• Film
  • The search for a non-white German identity


The search for a non-white German identity

District Berlin's latest exhibition features work from nine different artists, including Christa Joo Hyun D'Angelo, whose documentary film Past Present Tense looks at race in Germany from the GDR to now. See it starting Fri, Apr 24 at Malzfabrik.

Image for The search for a non-white German identity

Part of District’s upcoming exhibition Satellite Affects and Other Lines of Flight, Berlin-based American artist Christa Joo Hyun D’Angelo’s short documentary film Past Present Tense takes a close look at race in Germany over the past few decades up to the present. Satellite Affects also features seven other international female artists, mostly dealing in installations and experimental work, as well as Lithuanian art collective Cooltūristės. See D’Angelo’s 32-minute film starting this Friday, Apr 24 at District Berlin’s Malzfabrik location.

White expats in Berlin often encounter a city of creative possibilities, a place where locals will patiently correct your bad German and every other person you meet seems to be from Australia or Britain anyway. But for non-white immigrants, the experience is often vastly different, and it’s this hidden racism that D’Angelo highlights so well in Past Present Tense. Mostly foregoing narration to focus on the words of her interviewees, D’Angelo reveals – and interrogates – anti­-Ausländer sentiment in post-reunification German.

“There’s a standard question asked to someone who doesn’t look white: Where do you come from?” says Jan Riebe, a social scientist at Berlin’s Amadeu Antonio Foundation, an anti-racist organisation. “I’m white, and it’s clear that I’m German,” Riebe adds. Actually, his heritage isn’t German – it’s Polish. He feels that his appearance protects him from the casual (and sometimes not-so-casual) racism that many Germans of Asian, African and other non-white backgrounds often still face on a daily basis.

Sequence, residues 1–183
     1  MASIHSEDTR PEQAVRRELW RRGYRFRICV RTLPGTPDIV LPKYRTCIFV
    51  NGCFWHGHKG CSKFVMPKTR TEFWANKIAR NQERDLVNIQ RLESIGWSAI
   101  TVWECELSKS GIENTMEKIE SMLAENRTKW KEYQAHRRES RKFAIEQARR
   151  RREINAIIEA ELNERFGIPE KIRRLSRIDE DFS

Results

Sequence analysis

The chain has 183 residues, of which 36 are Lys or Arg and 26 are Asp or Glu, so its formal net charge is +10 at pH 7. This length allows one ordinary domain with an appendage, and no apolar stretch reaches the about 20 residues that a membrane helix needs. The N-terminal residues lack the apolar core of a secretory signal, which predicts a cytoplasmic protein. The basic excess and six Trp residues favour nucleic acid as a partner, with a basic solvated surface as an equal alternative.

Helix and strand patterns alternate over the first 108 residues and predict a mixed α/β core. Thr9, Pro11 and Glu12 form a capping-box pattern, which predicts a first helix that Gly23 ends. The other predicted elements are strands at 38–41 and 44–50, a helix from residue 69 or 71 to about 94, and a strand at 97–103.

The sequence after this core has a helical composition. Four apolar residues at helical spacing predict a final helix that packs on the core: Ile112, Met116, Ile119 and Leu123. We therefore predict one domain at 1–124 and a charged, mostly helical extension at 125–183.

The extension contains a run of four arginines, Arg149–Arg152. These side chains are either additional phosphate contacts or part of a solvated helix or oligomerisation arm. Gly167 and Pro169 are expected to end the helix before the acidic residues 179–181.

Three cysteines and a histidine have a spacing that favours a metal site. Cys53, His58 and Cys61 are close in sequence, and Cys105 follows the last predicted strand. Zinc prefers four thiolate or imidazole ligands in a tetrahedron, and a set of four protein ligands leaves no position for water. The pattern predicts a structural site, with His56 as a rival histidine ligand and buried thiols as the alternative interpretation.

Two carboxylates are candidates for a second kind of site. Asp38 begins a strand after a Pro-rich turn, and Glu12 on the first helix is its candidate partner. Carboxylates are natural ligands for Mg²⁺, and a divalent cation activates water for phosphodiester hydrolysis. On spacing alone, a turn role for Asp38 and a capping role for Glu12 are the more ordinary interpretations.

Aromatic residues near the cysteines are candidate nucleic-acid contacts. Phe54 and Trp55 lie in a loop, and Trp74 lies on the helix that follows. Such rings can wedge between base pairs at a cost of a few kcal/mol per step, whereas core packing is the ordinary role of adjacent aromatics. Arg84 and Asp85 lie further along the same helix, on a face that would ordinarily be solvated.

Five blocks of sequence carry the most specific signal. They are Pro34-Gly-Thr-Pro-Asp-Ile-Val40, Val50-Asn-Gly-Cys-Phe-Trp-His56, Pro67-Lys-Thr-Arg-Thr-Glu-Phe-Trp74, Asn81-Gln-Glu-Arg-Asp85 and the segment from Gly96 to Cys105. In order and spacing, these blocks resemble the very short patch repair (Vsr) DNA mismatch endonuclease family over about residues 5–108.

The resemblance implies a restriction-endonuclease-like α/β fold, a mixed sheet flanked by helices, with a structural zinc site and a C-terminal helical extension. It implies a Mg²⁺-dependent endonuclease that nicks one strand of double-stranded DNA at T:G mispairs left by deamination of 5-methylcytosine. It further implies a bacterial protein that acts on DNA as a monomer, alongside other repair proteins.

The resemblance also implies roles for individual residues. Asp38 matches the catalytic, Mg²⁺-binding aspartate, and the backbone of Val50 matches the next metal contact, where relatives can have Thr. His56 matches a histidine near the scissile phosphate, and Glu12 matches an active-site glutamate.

Riebe’s colleague Anetta Kahane, chairman of the Amadeu Antonio Foundation, explains how much education about racial and social differences was lacking in many GDR schools, leaving young people unprepared to deal with rising anti-immigrant feelings in the early 1990s – the time of the Rostock and Hoyerswerda riots. “We suddenly had many organised far-right extremists and neo-Nazis,” Kahane says. Named after an Angolan contract worker who was killed in a 1990 racist attack in Eberswalde, the Amadeu Antonio Foundation was created in 1998 to work for a more multicultural society, with Kahane one of the founding members.

D’Angelo seamlessly moves between the stories of Kahane and other academics working to end German racism to accounts of the discrimination that persists in this country today. One student, Jasmin Truong, offers an insightful view: “It’s often the case, in Germany, that the problem is with people who look different,” she says. “People come up to me and ask me where I’m from. Then I say Munich, and they laugh, or think it’s a joke.” Another Asian-German student, Minh Nyugen, says that people often greet him with “Konichiwa”, although he is not Japanese. “Then I respond in German,” he says, and adds, “I speak German just as well as you do, so speak to me in German.” 

SATELLITE AFFECTS AND OTHER LINES OF FLIGHT Through June 6 | District Berlin at Malzfabrik, Bessemerstr. 2-14, Tempelhof, U-Bhf Alt-Tempelhof, Tues-Sat 14:00-18:00